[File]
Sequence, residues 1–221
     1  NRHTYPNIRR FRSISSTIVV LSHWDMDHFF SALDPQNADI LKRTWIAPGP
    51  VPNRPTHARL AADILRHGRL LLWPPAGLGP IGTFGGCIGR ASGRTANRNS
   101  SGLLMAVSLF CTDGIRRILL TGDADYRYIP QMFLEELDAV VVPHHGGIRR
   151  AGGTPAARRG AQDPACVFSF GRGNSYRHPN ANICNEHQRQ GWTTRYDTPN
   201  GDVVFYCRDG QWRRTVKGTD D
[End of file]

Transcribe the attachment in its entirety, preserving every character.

Sequence, residues 1–221
     1  NRHTYPNIRR FRSISSTIVV LSHWDMDHFF SALDPQNADI LKRTWIAPGP
    51  VPNRPTHARL AADILRHGRL LLWPPAGLGP IGTFGGCIGR ASGRTANRNS
   101  SGLLMAVSLF CTDGIRRILL TGDADYRYIP QMFLEELDAV VVPHHGGIRR
   151  AGGTPAARRG AQDPACVFSF GRGNSYRHPN ANICNEHQRQ GWTTRYDTPN
   201  GDVVFYCRDG QWRRTVKGTD D